Marvel’s latest X-Men trade paperback–New X-Men Companion–seems designed to confuse fans of Grant Morrison’s groundbreaking run. The collection’s spine features mohawk Storm, the back cover shows off Psylocke and mentions characters like Rogue, Nightcrawler and Shadowcat. All wonderful, but absolutely no connection to New X-Men (these characters all starred in X-Treme X-Men at the time). So the blurb on the back about “the mutants of Grant Morrison’s New X-Men” really isn’t all that accurate.
Despite those misleading elements, this oversized collection is worth X-Fans’ hard-earned $39.99, in my opinion. For most of my comics-reading career, I’ve tended to read “main” titles vs. stories I viewed as non-essential to continuity. As a result, I wasn’t paying too much attention to the anthology series that was X-Men Unlimited while Morrison was rocking the X-Men’s world. I’d pick up an issue here and there depending on the cover, but on the whole, the later issues of this series were a mystery to me. New X-Men Companion provides the perfect opportunity to discover X-gems I never knew existed.
For instance, did you know cat Beast once fell for a mutant feline he mistook for a female mutant with cat features? If you’re going to do an X-Men anthology series, that’s the kind of crazy stuff I want to see–not more Wolverine bar brawls or trips to Japan (both are in here, unfortunately). You really feel for Hank in “Stray,” which is written by Jeff Jensen and illustrated by John Totleben, and really, that’s where this collection truly shines. Those intimate stories that showcase what wonderful characters the X-Men are.
Greg Rucka and Darick Robertson bring us a moving story about Kitty Pryde coping with the loss of Colossus and Nightcrawler’s efforts to help her process the pain. Meanwhile, “It’s The Thought That Counts” by J. Torres and Takeshi Miyazawa is lighter in tone, revealing the origin of Jean Grey’s green mini dress costume. The collection ends on a sad note with a tale that shows how freeing Halloween can be for young mutants who can’t pass for everyday humans.
But screw sadness–one of the most fun stories I never knew existed is “X-Men The Untold Story!” by Gail Simone and Kevin Maguire. It’s got Maguire on art, so you know it’s going to be funny, and Simone’s script doesn’t disappoint, revealing what went on behind the scenes of the Marvel Universe’s troubled X-Men movie. We may have had to put up with The Last Stand, but at least we didn’t get this clunker.
Then, there are the duds. Quite a few, to be honest. I’m talking Cyclops getting kidnapped by an organ harvester while shopping for pickles and Juggernaut trying his hand at slam poetry to woo his new crush. The inclusion of these stories frustrates me.
Let me explain.
While this collection pretty much features material from X-Men Unlimited #35-50, it doesn’t contain all of it. The odds of us getting an X-Men Unlimited omnibus are pretty slim, so this was a great opportunity for Marvel to collect every short story and pin-up in these comics. We don’t get that. We don’t even get X-Men Unlimited #44, which I do own in comic form, and featured New X-Men characters like Beast, Cyclops and Jean Grey. How that story didn’t make the cut but a comedic Juggernaut tale did just perplexes me.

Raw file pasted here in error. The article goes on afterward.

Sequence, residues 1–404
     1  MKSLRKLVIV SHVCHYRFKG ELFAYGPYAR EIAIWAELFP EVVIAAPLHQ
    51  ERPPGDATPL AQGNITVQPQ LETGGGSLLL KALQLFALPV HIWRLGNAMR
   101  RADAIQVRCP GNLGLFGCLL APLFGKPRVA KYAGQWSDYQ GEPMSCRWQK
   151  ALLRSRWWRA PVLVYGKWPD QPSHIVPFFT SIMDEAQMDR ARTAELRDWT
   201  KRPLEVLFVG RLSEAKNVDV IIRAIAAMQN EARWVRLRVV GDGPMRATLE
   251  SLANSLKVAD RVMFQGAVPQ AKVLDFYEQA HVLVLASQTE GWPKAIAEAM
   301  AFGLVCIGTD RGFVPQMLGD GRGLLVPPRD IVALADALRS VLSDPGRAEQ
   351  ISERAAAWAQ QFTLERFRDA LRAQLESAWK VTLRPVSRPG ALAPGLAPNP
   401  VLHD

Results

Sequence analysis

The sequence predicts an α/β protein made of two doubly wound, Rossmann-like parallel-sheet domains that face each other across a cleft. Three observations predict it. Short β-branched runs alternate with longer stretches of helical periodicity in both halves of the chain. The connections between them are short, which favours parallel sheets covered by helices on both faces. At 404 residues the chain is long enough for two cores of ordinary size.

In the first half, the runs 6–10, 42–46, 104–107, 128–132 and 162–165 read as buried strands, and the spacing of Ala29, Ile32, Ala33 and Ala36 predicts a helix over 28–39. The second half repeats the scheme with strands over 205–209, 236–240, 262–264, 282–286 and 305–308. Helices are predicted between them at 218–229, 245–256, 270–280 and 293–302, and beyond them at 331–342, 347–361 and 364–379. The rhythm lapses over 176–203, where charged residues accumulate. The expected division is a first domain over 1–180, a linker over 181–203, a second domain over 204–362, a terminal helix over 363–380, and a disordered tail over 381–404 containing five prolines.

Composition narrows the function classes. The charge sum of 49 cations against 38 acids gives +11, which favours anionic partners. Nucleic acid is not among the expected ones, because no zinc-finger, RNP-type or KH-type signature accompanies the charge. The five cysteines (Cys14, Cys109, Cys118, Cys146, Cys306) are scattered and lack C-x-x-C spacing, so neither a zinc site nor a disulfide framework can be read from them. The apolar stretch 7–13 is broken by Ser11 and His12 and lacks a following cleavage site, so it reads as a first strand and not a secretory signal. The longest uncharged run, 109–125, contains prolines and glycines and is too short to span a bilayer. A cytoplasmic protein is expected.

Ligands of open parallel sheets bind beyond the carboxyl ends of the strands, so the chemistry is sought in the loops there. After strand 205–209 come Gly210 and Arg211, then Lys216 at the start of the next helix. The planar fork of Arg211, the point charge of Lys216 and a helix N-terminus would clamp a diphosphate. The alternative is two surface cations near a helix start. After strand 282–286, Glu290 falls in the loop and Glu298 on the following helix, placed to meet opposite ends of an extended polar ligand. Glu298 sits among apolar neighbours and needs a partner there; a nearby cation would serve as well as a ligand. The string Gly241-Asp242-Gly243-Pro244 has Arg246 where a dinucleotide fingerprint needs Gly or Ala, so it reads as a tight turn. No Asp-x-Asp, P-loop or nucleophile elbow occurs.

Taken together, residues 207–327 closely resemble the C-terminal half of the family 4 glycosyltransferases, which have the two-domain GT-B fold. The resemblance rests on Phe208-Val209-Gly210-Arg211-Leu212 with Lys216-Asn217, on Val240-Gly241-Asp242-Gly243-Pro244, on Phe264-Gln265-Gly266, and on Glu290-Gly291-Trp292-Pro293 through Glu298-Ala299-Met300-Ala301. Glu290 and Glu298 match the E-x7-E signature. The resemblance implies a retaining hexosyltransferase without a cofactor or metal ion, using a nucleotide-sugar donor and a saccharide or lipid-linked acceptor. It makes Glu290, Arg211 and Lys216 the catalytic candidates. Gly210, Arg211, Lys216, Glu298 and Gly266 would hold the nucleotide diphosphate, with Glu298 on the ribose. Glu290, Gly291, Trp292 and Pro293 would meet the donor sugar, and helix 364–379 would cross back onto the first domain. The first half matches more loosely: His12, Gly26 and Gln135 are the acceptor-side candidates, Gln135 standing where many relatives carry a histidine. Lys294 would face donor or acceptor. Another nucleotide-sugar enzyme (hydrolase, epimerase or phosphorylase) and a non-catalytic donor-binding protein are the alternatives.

I mean, if this was a true New X-Men Companion, it’d include the X-Men Icon mini-series from this era, such as those starring Cyclops and Chamber. Still waiting for those to be collected.
Also frustrating: continuity inaccuracies. Juggernaut is not a mutant. Toad should know that (along with the creators working on his story). The Scott Summers on the hunt for pickles is definitely not the troubled mutant in Morrison’s run. Little nitpicks but something fans of New X-Men would surely notice if they’re purchasing this book for more of that Morrison magic.
Still, there’s a different kind of magic to be found in these pages. Old-school X-Fans will like hearing that Chris Claremont and Paul Smith contribute stories, while modern comic fans’ ears may perk up when they hear Jimmy Palmiotti, Amanda Conner, Gail Simone, Bill Willingham and David Finch all have work in this collection. Also, Kaare Andrews writes and partially draws a lengthy story that celebrates many X-Men characters’ various incarnations. X-Fans should get a kick out of that one.
At just over 400 pages, believe me, this a big trade. But it’s also a very breezy read due to the fact it’s comprised of short stories. Whether you power through it in an afternoon or in pieces over several nights, just be prepared for the quality to fluctuate. But again, it’s a collection of stories from an anthology series–you know exactly what you’re getting into. But a big part of the fun is seeing how much X-Books not written by Morrison were struggling at the time to grapple with the changes he was making to Marvel’s mutants. Some creators try to play within this brave new world, mentioning concepts like X-Corps, and others… uh, turn Juggernaut into a slam poet.
Let’s hope Jonathan Hickman missed that one.